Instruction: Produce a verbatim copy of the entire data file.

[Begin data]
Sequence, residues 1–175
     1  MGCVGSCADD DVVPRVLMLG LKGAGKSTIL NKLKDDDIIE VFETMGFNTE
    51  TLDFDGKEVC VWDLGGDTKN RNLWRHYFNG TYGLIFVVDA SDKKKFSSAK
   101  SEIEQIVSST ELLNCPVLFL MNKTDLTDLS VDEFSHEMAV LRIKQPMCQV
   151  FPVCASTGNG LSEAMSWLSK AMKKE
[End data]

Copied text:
Sequence, residues 1–175
     1  MGCVGSCADD DVVPRVLMLG LKGAGKSTIL NKLKDDDIIE VFETMGFNTE
    51  TLDFDGKEVC VWDLGGDTKN RNLWRHYFNG TYGLIFVVDA SDKKKFSSAK
   101  SEIEQIVSST ELLNCPVLFL MNKTDLTDLS VDEFSHEMAV LRIKQPMCQV
   151  FPVCASTGNG LSEAMSWLSK AMKKE